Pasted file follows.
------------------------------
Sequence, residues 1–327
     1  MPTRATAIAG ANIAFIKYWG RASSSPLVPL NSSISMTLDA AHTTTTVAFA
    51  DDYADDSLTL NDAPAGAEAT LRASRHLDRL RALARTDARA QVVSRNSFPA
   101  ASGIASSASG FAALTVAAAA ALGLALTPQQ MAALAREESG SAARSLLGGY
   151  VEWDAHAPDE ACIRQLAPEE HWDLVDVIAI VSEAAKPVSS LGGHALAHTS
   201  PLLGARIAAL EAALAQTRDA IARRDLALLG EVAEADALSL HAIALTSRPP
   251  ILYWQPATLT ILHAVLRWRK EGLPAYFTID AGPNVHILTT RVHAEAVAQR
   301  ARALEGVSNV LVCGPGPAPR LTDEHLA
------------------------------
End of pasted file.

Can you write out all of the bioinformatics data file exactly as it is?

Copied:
Sequence, residues 1–327
     1  MPTRATAIAG ANIAFIKYWG RASSSPLVPL NSSISMTLDA AHTTTTVAFA
    51  DDYADDSLTL NDAPAGAEAT LRASRHLDRL RALARTDARA QVVSRNSFPA
   101  ASGIASSASG FAALTVAAAA ALGLALTPQQ MAALAREESG SAARSLLGGY
   151  VEWDAHAPDE ACIRQLAPEE HWDLVDVIAI VSEAAKPVSS LGGHALAHTS
   201  PLLGARIAAL EAALAQTRDA IARRDLALLG EVAEADALSL HAIALTSRPP
   251  ILYWQPATLT ILHAVLRWRK EGLPAYFTID AGPNVHILTT RVHAEAVAQR
   301  ARALEGVSNV LVCGPGPAPR LTDEHLA